A sense of frustration drives this blog, borne out of the reaction to certain events over the past few days in the media, and which has been driven by the use of social networking sites. It has been pointed out that social media is immediate, and deals with the here-and-now – and that’s true. But there’s a disturbing phenomenon at work, that I think is a dark side-effect of a fantastic social tool.
Over the past few days, the crisis in Somalia has been growing. Uncountable people are dying of thirst and starvation, and the western world has the resources and the ability to alleviate the suffering.
At least 92 young people were massacred in Norway while at a summer camp, reportedly by a right-wing gunman.
A drug-addicted and alcoholic singer-songwriter was found dead at her flat yesterday morning. It’s thought that Amy Winehouse died of a drugs overdose – the post mortem will tell us.
I read all the papers every day as part of my job, and there has been some coverage of the famine in Somalia, I’m sure there will be a fair amount about Norway. I’m positive that there will be a massively disproportionate amount of cover about Amy Winehouse.
There has already been a massive outpouring of internet grief about her death; there seems to be little perspective here among the general public. Her death is a tragedy to her family, friends and community – but it shouldn’t be on the front pages of anything except the music press. Of course her fans will be upset; that’s natural. But the really worrying thing is this: there will be a lot of focus on her “troubled soul” and a waste of talent – the waste of talent is certainly true (she had an extraordinary voice).
However, I predict (and I hope I’m wrong) that there will be almost no focus on the problems that put her in that situation in the first place. The wider societal problems affecting real people: the choices that lead people to addiction (and they are choices, and the individuals are entirely responsible for them).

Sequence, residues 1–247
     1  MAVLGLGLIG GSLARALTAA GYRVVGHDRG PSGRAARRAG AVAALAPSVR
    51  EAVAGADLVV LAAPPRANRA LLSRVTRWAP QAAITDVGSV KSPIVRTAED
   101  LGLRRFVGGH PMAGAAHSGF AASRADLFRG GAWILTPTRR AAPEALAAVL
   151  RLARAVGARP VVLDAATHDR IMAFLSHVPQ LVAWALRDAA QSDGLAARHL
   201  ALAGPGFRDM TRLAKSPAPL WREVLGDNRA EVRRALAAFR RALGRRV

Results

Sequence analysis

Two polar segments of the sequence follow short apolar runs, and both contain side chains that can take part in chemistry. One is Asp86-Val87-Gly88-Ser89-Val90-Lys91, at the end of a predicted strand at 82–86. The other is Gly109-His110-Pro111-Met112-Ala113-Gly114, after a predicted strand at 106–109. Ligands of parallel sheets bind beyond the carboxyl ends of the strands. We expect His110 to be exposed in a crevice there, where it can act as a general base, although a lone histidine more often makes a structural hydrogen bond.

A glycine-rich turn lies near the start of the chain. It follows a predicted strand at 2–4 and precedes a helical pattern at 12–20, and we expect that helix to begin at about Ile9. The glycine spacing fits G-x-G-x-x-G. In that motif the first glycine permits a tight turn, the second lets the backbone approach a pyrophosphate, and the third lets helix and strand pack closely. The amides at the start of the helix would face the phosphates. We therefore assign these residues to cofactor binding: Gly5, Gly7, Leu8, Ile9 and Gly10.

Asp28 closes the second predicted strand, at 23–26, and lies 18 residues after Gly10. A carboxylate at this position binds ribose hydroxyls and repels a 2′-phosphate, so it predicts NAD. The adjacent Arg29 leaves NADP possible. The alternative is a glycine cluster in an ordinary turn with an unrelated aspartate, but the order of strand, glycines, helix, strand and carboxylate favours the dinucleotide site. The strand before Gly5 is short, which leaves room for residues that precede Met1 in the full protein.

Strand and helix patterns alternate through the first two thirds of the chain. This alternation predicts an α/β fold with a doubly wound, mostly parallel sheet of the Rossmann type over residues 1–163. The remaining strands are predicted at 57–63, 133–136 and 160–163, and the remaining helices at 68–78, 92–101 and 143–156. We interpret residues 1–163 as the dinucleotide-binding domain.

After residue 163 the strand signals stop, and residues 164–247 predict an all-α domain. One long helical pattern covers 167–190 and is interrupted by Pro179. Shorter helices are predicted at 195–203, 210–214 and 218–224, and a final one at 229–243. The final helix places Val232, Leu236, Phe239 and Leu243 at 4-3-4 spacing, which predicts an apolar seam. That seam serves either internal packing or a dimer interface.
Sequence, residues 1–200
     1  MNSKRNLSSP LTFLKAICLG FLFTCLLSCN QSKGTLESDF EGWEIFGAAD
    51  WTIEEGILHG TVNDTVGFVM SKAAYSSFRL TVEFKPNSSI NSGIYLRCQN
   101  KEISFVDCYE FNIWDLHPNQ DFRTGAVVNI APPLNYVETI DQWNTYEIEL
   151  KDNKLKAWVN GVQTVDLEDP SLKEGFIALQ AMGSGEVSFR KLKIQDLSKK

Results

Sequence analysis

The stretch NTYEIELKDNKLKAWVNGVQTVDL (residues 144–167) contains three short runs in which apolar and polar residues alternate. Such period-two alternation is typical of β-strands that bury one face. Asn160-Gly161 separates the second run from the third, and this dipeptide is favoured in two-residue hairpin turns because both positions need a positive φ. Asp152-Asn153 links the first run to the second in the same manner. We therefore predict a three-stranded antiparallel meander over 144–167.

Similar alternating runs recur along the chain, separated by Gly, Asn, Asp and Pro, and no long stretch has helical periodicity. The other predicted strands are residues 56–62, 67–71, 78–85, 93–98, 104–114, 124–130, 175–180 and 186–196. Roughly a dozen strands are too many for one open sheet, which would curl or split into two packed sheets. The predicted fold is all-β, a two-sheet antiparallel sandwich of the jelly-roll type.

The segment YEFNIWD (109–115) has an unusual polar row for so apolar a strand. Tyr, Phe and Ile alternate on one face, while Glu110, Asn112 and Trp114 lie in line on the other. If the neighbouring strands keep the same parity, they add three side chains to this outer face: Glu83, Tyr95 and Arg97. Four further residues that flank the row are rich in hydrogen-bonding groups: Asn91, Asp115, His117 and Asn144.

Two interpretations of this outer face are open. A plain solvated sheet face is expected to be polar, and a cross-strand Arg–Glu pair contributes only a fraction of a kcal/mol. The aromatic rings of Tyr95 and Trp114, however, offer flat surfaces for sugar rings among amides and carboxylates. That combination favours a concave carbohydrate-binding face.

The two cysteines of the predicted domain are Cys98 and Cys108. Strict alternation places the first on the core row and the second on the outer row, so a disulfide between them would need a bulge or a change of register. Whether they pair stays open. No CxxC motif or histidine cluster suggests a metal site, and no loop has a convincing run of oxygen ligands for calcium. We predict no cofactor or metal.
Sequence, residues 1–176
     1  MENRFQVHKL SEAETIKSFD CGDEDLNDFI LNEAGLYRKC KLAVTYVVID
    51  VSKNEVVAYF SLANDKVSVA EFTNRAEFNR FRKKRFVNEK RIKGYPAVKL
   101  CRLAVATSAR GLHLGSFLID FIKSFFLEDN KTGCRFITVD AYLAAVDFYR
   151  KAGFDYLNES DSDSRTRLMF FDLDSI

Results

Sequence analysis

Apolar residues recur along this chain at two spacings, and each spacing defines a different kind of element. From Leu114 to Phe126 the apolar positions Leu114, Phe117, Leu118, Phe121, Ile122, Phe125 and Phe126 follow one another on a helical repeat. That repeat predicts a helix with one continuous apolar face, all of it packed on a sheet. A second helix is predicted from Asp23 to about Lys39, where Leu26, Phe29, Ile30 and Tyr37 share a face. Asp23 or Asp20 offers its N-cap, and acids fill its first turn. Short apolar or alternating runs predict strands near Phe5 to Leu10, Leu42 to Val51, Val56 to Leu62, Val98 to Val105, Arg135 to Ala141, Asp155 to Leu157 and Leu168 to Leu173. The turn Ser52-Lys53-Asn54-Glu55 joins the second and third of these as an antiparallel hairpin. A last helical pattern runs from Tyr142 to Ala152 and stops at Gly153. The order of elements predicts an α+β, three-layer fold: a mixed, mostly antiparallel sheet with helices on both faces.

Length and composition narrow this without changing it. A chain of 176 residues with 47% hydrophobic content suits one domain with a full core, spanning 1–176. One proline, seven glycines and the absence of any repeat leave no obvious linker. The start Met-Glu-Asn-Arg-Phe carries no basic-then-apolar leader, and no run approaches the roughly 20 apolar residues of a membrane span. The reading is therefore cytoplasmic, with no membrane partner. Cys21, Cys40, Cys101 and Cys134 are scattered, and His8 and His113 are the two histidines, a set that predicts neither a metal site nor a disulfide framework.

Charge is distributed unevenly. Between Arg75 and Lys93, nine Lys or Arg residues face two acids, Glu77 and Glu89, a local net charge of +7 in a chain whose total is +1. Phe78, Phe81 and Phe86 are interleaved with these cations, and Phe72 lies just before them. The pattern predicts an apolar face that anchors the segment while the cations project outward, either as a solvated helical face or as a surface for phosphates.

Her death is sad, and her family will have a difficult time living their grief in the public eye. I hope they get some peace to deal with it in private. And I hate the jokes that go around after a person’s death, and particularly hate the gloating. No death is a cause for laughter and rejoicing. But she’s one person.
Linked to this phenomenon, and a source of genuine anger, is the kind of reaction from the public to events like the Soham murders. Again, a terrible tragedy for their families and community – but they were only two people. And if they hadn’t been extremely pretty little girls, they would not have received half the publicity they did. A huge number of children are – equally sadly – hurt or killed every day, but they’re not quite so photogenic. Raising awareness of issues is a good thing. Bringing out the pitchforks is, emphatically, not.
The same people who set fire to a paediatrician’s house because her job title sounds a bit like “paedophile” were the ones raising merry hell and fake grief over the Soham girls. And absolutely nothing good has come from that. From the sinister and empty “something must be done”, something has been done.
Society’s trust has been eroded and communities have been broken down. Not by the girls’ murderer, but by the pitchfork-wielding public and politicians desperate to show that they’re not uncaring and unable to act. The wider issues have been completely sidelined, and real experts have been ignored. No longer are you innocent until proven guilty in this country; if you want to work with children, you’d damn well better jump through six hoops to prove you’re not an evil, child-molesting monster.
What is the result of this? Scout trips will cease. Duke of Edinburgh’s supervisors will be dwindle. School outings will become more difficult. Why should perfectly normal people have to prove they’re not child abusers before they can volunteer to help out on a school trip or a Scout outing? Children are told they can no longer trust adults. No wonder there is such a lack of respect for other individuals out there; if you’re told you can’t trust people, why bother to treat them with respect?
And the worst thing of all, the most frustrating aspect of everything to come out of the Soham case, is that this policy will have no effect AT ALL on incidences of child murder and abuse. Not only does about 80 per cent of abuse take place within the home, by a family member or close and trusted friend, but Ian Huntley (the Soham murderer) would not have been caught in the net in the first place. So the girls’ deaths would not have been prevented.
Abuse of anyone is a bad thing. All deaths are sad, and if they can be prevented, they should be. But tragedy on a large scale, on a human scale, is real. All I’m asking for is a little perspective, and for people to open their eyes to the wider world.
For those accusing me of being heartless: perhaps I am. But I don’t have enough within myself to shed tears for every individual. There is an awful lot wrong with this world, and a lot that I grieve for. I don’t need to focus my grief on a single celebrity, and I certainly want nothing to do with the competitive public grieving that seems to be the current fad. There is a huge amount that is good and wonderful about the world too, and I’d like to focus on that for a while.